This modern interpretation restricts the prohibition to official authoritative speeches and decisions within the church. Primarily, this restricts women from becoming pastors (including the regular “preaching minister”) and elders. A woman may teach in religious contexts such as Bible classes, small groups, and even preach on occasion to the whole assembly as long as she does not assume the role of elder, senior minister, bishop, or some official authoritative representative of the church. Some “soft” complementarians understand the text in this way. However, women may teach and have authority over men in social, educational, political, and other contexts.

6.   I permit no woman to teach or have authority over a man in the sense that she may not usurp or take by force an authoritative teacher role in the public assembly; she is to keep an appropriate quiet[ness] in the public assembly.

This modern interpretation affirms women teachers (including the public assembly) as long as they are serving quietly under the leadership of church male authority (e.g., elders). Some suggest there is a hard theological boundary (e.g., no women elders or preachers) as to what church officials may permit while others believe elders are guided by a spiritual wisdom that discerns what is culturally appropriate for the sake of the health of the congregation.

7.   I permit no [wife] to teach or have authority over a [husband]; she is to keep a quiet demeanor in relation to her husband at home and in public, especially in the public assembly of the church.

This modern interpretation restricts the teaching to the relationship between a husband and wife in public or in the public assembly. Some limit it to only domestic relationships, and thus it does not apply to church organization or assemblies. It is limited to the interaction between a husband and wife. Consequently, it contains no other limitation on the participation of women in the public assemblies of the church.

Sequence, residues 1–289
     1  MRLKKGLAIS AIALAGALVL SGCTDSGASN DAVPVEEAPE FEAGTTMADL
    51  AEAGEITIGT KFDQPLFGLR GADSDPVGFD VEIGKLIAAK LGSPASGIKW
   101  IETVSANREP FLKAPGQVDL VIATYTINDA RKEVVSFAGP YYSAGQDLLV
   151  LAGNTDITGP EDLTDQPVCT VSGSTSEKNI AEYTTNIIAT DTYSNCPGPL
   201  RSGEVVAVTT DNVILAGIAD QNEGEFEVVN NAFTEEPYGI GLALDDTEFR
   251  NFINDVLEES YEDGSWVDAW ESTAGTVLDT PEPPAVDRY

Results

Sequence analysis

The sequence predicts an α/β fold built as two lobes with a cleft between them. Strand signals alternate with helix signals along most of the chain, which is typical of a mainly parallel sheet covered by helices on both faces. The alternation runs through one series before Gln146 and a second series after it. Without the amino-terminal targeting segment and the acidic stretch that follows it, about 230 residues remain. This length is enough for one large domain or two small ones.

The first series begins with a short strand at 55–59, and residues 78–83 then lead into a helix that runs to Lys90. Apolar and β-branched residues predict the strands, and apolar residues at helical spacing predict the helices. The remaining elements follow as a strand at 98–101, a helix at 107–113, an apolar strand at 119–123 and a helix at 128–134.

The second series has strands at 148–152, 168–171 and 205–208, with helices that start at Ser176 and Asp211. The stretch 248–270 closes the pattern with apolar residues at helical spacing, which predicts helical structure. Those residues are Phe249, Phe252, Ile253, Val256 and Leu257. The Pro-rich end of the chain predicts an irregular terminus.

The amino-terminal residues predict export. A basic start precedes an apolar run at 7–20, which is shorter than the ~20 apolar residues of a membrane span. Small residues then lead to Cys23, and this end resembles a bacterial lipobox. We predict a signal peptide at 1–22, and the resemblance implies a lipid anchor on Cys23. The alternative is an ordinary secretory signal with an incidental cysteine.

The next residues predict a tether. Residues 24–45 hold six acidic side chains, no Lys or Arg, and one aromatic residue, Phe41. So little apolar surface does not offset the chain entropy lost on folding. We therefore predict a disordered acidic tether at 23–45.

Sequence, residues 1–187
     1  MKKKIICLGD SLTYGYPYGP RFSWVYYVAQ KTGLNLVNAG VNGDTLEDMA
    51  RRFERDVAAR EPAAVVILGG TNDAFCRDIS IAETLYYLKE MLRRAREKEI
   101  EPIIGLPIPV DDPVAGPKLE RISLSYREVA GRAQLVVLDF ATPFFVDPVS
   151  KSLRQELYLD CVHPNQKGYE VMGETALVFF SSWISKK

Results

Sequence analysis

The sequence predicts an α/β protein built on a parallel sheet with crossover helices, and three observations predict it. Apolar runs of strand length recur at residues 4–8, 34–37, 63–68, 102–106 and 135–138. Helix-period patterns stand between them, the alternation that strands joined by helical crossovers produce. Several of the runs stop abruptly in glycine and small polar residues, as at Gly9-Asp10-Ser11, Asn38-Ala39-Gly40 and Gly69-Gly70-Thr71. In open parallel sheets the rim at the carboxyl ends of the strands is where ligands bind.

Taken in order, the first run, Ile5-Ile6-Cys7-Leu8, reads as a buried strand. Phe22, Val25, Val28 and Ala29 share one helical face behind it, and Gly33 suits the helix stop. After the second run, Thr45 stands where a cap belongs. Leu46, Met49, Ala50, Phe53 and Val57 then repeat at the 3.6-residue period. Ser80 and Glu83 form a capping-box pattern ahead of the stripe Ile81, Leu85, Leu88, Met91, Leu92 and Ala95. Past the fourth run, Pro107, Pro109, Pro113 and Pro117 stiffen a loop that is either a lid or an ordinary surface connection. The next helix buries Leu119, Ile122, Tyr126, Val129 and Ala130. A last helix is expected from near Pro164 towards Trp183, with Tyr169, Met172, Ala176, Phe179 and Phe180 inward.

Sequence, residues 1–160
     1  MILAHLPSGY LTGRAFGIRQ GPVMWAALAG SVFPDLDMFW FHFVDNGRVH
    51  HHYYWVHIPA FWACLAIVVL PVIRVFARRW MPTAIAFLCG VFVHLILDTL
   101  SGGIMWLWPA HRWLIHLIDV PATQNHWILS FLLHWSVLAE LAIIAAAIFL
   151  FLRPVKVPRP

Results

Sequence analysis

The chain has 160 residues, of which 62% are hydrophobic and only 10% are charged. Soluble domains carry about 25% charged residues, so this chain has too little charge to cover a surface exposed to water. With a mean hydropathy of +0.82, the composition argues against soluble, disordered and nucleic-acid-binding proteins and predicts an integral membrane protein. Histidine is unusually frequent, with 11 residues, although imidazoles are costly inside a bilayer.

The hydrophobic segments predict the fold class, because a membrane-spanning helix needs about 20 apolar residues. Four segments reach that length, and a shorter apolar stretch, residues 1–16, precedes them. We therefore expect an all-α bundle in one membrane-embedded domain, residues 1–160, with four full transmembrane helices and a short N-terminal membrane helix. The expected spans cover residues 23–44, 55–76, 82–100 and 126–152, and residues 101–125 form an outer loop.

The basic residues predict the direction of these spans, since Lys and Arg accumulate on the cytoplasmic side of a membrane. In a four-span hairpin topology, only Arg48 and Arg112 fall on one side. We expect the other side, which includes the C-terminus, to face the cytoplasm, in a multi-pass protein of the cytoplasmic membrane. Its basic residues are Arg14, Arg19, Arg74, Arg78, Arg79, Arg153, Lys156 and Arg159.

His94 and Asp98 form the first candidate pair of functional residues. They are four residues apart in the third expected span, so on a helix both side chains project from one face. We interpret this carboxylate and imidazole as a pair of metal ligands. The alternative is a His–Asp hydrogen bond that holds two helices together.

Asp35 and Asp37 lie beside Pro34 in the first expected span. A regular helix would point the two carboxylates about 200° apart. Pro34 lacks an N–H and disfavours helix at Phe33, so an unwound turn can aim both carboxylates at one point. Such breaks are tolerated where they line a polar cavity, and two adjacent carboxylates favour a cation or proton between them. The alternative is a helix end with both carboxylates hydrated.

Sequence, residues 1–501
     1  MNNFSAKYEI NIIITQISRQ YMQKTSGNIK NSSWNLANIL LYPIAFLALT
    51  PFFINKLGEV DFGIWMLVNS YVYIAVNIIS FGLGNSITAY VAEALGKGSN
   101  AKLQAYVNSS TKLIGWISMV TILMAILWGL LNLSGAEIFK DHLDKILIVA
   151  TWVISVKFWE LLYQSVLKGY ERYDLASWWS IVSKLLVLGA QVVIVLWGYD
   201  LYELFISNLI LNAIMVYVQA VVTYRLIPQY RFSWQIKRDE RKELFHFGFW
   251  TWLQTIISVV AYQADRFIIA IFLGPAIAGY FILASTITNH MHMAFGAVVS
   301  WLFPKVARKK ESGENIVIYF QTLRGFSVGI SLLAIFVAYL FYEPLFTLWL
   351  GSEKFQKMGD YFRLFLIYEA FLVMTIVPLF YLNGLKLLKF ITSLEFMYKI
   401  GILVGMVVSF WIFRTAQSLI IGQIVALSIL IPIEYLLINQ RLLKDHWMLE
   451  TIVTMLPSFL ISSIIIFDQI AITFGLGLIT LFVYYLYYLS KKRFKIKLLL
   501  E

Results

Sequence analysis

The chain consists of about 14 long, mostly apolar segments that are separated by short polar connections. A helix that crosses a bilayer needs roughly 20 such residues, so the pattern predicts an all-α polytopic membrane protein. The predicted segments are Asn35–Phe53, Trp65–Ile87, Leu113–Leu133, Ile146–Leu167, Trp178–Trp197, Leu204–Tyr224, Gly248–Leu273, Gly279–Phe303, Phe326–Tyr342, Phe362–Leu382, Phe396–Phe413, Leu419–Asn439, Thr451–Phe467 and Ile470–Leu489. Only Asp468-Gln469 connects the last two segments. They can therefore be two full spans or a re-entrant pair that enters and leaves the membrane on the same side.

8.   Accommodating to the Roman cultural setting for the sake of the gospel, I permit no woman to teach or have authority over a man; she is to keep quiet as they submit to God so that the gospel might get a hearing.

This modern interpretation reads the text similar to the way many handle slavery texts. Living within the Roman culture, Paul does not take a revolutionary approach but a quiet subversive one. The gospel must be heard first before any revolutionary changes are possible in cultural dynamics. But Paul does not intend this as a universal, timeless prohibition. It is an accommodation to the domestic patterns of Roman culture.

9.   For now, I permit no woman to teach or have authority over a man due to the turbulent circumstances surrounding women in the Ephesian house churches; she is to keep a quiet demeanor in all her activitives.